6. A guard or defensive tackle is what I want from the 1st round. Elite interior lines while Ryan is in his prime would be nice. Before he retires, he deserves to play behind a dominant line.
  7. The very play that ended his Falcons career suggests some of the things he could have done.
  8. They are not collapsing toward the end of the season like teams sometimes do when a coach is on his way out.
  9. But for a 6th or 7th pick, it might be worth a chance. The Falcons haven't had much success in that part of the draft beyond Ishmael.
  10. If they could add a week to the season and give every team a second bye week before their Thursday game, they could both improve the quality of the Thursday game and give the players an extra break from wear and tear of a long season.
  11. An opportunity might arise to trade down for an extra day two pick.
  12. I remember that one too. It was a real mud bowl and the Falcons upset the Vikings who were on their way to the Super Bowl that year. If my memory is correct, the Falcons made a goal line stand late to save the win.
  13. We can hope. They didn't help their post-Brady future by giving away their backup quarterbacks. And maybe McDaniels will prove to be the latter day Phil Bengston.
  14. The ESPN beat writers each picked a player from their team who could use a new team. Here is Vaughn McClure's pick for the Falcons NFC SOUTH Atlanta Falcons Running back Tevin Coleman Not saying this will happen, with Coleman having one year left on his contract. But it's still hard to imagine the Falcons keeping Coleman and starter Devonta Freeman together after rewarding Freeman with an extension worth $8.25 million per year. Coleman, with 20 total touchdowns in three seasons, has trade value. I asked one high-ranking AFC evaluator about it: "Yes, he does have value. Great complement to a starter and he could fill the role as a starting running back. Great speed and athleticism. Only knock is he hasn't been their featured runner. Can't discount his ability to score [with] the football.'' -- Vaughn McClure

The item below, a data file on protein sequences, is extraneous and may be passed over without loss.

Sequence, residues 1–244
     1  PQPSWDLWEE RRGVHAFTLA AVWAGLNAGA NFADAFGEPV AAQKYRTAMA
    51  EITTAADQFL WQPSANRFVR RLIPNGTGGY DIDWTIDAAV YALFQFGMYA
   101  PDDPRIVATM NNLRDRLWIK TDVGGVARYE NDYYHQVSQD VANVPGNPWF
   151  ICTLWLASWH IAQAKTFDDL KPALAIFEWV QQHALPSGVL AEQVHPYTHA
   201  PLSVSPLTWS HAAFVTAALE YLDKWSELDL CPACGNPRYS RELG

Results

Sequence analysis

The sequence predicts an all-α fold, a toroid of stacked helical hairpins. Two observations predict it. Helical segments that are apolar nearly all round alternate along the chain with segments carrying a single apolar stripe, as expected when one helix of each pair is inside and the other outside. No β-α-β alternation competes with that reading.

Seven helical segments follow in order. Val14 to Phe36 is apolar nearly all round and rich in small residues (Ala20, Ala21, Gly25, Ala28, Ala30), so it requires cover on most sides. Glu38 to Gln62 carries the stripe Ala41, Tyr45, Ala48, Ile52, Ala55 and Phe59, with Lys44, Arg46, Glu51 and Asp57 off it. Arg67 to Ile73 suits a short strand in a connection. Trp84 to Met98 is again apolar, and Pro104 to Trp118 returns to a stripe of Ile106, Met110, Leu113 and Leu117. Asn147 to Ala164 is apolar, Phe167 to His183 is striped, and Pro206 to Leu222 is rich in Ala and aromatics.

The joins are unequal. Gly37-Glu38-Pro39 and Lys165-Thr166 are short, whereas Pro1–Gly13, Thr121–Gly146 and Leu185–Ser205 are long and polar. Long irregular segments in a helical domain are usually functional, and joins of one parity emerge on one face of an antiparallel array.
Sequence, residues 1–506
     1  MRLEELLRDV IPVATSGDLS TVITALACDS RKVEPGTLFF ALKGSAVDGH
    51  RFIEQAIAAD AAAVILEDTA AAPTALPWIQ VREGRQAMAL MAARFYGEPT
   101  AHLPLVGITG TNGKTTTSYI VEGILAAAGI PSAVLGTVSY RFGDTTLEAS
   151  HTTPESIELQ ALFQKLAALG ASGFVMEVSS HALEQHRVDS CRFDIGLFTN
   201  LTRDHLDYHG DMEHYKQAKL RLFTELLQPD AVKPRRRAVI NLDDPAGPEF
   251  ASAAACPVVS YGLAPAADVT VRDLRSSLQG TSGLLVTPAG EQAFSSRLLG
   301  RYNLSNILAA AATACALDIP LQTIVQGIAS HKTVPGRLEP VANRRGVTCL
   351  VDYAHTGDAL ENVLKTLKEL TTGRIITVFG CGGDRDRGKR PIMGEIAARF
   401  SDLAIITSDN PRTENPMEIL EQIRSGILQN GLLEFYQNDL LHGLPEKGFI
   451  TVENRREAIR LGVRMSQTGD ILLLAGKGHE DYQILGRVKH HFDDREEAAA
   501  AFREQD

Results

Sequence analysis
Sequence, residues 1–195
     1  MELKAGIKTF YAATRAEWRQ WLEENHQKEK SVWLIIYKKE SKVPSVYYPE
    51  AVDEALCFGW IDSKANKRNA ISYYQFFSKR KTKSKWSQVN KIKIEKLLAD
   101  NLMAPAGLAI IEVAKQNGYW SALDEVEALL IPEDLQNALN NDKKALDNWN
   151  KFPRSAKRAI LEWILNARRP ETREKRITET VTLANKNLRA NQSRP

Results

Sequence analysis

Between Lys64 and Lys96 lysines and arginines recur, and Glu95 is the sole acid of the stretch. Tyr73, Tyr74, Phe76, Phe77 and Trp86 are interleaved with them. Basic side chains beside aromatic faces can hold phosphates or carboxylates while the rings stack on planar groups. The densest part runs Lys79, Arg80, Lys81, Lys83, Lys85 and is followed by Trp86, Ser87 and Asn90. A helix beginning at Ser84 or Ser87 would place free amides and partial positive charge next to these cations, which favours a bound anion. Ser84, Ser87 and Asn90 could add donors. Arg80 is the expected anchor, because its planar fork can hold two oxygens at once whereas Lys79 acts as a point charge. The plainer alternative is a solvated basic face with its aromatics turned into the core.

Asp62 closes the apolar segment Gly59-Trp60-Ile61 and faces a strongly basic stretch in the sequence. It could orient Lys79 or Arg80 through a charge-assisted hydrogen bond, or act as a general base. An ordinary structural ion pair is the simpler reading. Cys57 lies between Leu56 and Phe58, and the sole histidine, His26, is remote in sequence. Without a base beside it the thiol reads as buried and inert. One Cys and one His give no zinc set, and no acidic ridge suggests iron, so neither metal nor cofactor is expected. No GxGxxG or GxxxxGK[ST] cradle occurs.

15. I think the rehab time from the first shoulder operation lessened Takk's 1st year impact. Hopefully the operation this year won't cut too much into his offseason work this year. Kazee was slowed by injury esrly also and I'm hoping for a big jump forward. Like somebody else has posted, the organization seems to think high of Saubert. Harlow can be expected to emerge like wes this season. The big question mark seems to be Duke Riley. He often looked over his headearly, but i'm hoping time and work will help him play up to his talent. Not everybody is an instant standout like Deion Jones.